Co-founder of Caveday, dedicated to improving people’s relationship to work by facilitating daily focus sessions for a global community.

My strategy: First, identify four or five categories that you’d like to focus on in the upcoming year. Next, in each category, zoom out and list broad and big goals. The next step is to zoom in and break down each of those broad goals into specific definitions. The final step is to take action.  

My advice: Define and create actionable tasks, and set up an accountability system. It’s much easier to achieve ambitious goals if they’re clearly defined and you have a support system in place to help keep you on track. 

Liza Sakhaie

Founder and CEO of The Reflective, providing an elevated and attainable product curation for the modern modest woman.

My strategy: Do not shy away from setting a resolution that seems far away and out of reach. Rather, break down your goal into tangible micro goals. For example, if your resolution is to find a true work-life balance, create a micro goal of giving yourself 10 nights a month to do something that fulfills you. Then create a punchcard with 10 circles for the month and punch it out each time you take a night off. This will give you a physical representation of your progress and motivate yourself to stick to your goal.

My advice: Find a friend to partner with so you feel accountability toward someone else. Then you can work on encouraging each other and checking in weekly so your goals don’t fall to the wayside when life and work gets hectic.

Cara Thomas

Founder and CEO of Serenflipity, an adventure game that helps people get out of their comfort zones and try new things in everyday life. 

My strategy: Turning a resolution into an experiment creates a sense of possibility and creativity for meeting goals. I choose an experiment to focus on for 90 days at a time, since behavioral science shows us that it takes 90 days to build a new habit. I started my business this way, and I discovered that it made my attitude more adventurous and collaborative. 

My advice: I would suggest reframing a resolution into an experiment. This invites an attitude of learning, playfulness, and creativity that can lead to long-term habits versus a quick fix.

Ada Chen

Founder and CEO of Chuan Skincare, an affordable, hand-crafted skincare line made from all natural ingredients.

My strategy: Figure out how to keep yourself accountable. Some people are more intrinsically motivated to accomplish a goal, while others, like me, need to be motivated by deadlines and commitments to others. Once you figure out your accountability style, you’ll be able to set yourself up for success in achieving your ambitious resolutions. 

My advice: When you’re setting your resolutions, keep in mind that they should be somewhat flexible. Don’t bite off more than you can chew!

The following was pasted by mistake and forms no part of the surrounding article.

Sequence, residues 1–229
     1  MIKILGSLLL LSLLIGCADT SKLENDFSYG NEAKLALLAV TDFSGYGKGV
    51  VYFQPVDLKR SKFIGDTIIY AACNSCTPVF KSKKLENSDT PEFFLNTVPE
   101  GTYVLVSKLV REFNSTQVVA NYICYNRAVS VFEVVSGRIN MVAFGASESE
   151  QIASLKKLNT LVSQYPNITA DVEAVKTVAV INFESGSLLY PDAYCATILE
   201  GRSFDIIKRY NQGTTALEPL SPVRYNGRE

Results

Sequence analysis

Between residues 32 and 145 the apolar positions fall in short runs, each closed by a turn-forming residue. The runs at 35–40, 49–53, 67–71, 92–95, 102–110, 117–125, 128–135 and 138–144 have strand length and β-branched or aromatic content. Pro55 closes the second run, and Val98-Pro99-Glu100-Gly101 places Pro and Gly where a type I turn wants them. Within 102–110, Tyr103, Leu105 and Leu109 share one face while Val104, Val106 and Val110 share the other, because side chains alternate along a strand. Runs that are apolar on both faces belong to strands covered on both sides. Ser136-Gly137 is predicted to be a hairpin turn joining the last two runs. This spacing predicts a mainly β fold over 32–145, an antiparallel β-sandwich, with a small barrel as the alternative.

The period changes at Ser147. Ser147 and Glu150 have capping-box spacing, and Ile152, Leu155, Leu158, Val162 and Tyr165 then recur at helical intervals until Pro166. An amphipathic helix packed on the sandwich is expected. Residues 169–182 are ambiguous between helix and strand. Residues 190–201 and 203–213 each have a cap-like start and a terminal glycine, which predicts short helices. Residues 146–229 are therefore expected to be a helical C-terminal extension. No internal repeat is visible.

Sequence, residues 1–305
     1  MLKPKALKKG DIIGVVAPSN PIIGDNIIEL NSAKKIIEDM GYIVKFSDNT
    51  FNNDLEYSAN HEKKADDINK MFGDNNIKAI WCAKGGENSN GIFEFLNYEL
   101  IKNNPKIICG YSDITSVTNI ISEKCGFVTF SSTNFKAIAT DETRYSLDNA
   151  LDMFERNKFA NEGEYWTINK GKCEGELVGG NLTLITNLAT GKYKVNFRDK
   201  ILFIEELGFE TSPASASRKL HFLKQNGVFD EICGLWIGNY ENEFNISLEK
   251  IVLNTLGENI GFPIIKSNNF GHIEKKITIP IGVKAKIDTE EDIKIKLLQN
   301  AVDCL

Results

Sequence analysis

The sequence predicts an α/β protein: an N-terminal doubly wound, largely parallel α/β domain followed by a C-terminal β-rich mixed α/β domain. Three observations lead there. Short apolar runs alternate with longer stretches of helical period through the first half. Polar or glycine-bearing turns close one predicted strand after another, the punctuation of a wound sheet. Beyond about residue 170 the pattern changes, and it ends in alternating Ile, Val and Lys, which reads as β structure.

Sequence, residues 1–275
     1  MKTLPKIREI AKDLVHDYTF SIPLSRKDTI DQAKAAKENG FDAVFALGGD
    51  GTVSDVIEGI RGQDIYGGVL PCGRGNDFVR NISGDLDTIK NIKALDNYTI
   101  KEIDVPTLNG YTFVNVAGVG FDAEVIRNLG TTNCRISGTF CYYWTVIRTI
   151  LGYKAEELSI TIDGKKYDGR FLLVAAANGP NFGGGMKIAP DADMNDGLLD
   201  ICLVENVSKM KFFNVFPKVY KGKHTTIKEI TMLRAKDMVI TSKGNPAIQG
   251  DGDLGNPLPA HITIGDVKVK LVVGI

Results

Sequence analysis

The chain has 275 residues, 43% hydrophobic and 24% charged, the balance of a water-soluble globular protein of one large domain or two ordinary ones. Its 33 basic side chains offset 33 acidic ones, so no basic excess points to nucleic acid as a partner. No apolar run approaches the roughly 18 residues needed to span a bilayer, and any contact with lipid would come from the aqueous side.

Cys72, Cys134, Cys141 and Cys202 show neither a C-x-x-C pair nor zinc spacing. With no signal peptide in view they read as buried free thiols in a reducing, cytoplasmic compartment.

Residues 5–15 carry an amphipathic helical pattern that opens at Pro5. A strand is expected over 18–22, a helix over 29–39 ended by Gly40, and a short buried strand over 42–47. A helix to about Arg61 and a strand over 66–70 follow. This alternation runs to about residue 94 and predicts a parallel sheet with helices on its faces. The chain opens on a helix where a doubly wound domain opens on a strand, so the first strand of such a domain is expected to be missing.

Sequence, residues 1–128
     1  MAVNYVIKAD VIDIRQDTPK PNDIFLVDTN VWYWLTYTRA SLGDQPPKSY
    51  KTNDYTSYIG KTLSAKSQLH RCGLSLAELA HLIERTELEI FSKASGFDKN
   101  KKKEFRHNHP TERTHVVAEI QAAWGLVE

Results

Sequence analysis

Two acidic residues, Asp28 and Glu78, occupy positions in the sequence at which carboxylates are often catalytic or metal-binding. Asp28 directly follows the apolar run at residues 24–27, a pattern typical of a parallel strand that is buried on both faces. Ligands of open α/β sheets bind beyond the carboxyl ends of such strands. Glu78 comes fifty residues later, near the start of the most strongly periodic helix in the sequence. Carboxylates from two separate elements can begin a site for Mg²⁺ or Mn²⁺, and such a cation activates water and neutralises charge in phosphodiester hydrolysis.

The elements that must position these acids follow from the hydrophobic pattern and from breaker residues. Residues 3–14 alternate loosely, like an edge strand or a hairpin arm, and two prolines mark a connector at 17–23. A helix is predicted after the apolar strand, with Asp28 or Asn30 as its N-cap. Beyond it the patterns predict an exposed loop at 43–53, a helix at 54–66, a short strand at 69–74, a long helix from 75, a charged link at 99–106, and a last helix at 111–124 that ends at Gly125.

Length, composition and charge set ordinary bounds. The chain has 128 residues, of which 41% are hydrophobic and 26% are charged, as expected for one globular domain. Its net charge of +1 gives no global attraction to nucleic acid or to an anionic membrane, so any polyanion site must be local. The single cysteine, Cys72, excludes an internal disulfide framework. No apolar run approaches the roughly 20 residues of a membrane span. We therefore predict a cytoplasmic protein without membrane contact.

Allison Ackerman

Founder of Cortland Consulting, a brand strategy and digital marketing studio specializing in consumer packaged goods brands.

My strategy: When I started as a solopreneur in 2018, I began taking myself on a mini, annual company retreat. During that day I block out time to think of the big picture and set goals for both myself and my business for the coming year. Having that space to reflect on the past year and set resolutions for the coming year is incredibly valuable to me.

My advice: Keep your resolutions somewhere you can see them and schedule check-ins with yourself. For me the visual reminder and accountability is a really helpful way to dedicate a few minutes toward a bigger goal rather than a few minutes of mindlessly scrolling.

Elisabeth Tuttass

Head of Community at Grid110, a nonprofit and startup accelerator that provides entrepreneurs with access to community, mentors, and critical resources.

My strategy: Focus on one big goal at a time and set goals in three-month increments. When you try to focus on more than one goal at once, they can be challenging to complete. Research shows that we are more likely to achieve our goals when we plan them out in shorter increments. This makes sense because it feels like less time when you break the year down into smaller chunks.

My advice: The first few days of the new year can be exhilarating as you begin to write down your goals. But as time passes, your excitement for those goals can quickly dwindle as you realize they are far more difficult than you initially imagined. Instead of trying to crush your resolutions all at once, I suggest setting your goals in three-month increments and having multiple check-in points throughout that time to keep yourself accountable!

Monica M. Rivera

Founder of YOU WANNA DO WHAT?!, a consultancy and podcast that guides Gen-X women of color to take their business idea from stuck to start. 

My strategy: Devise a reward system for yourself. Did you know that most people give up on their New Year’s Resolutions by January 17? That’s less than three weeks after the new year. Rise above this downer of a stat and set up your first reward at the 21-day mark. This not only gives you something to look forward to, but you can celebrate making it past the day they said you’d quit. 

My advice: A cake comes together one ingredient at a time and your goals are no different. Focus on the process—that’s how a goal is achieved. 

Sadie Teper

Founder and designer of Twentysome Design, a feminist stationery company featuring hand lettered designs.

My strategy: Once I have a goal, I like to break it down into monthly, weekly, and daily action items and milestones. Checking off these mini resolutions as you go helps you to see the progress and get things done.

My advice: Take the time to really lay out how that resolution is feasible and will happen. Think about it in terms of dollars earned per week, minutes practiced per day, etc. Write down all of these small goals on your way to the resolution and mark them off as you go. 

Nilima Achwal

Founder of The Female Founders Lab, a virtual accelerator for ideas that can transform industries to become more regenerative, sustainable, holistic, democratic, and just.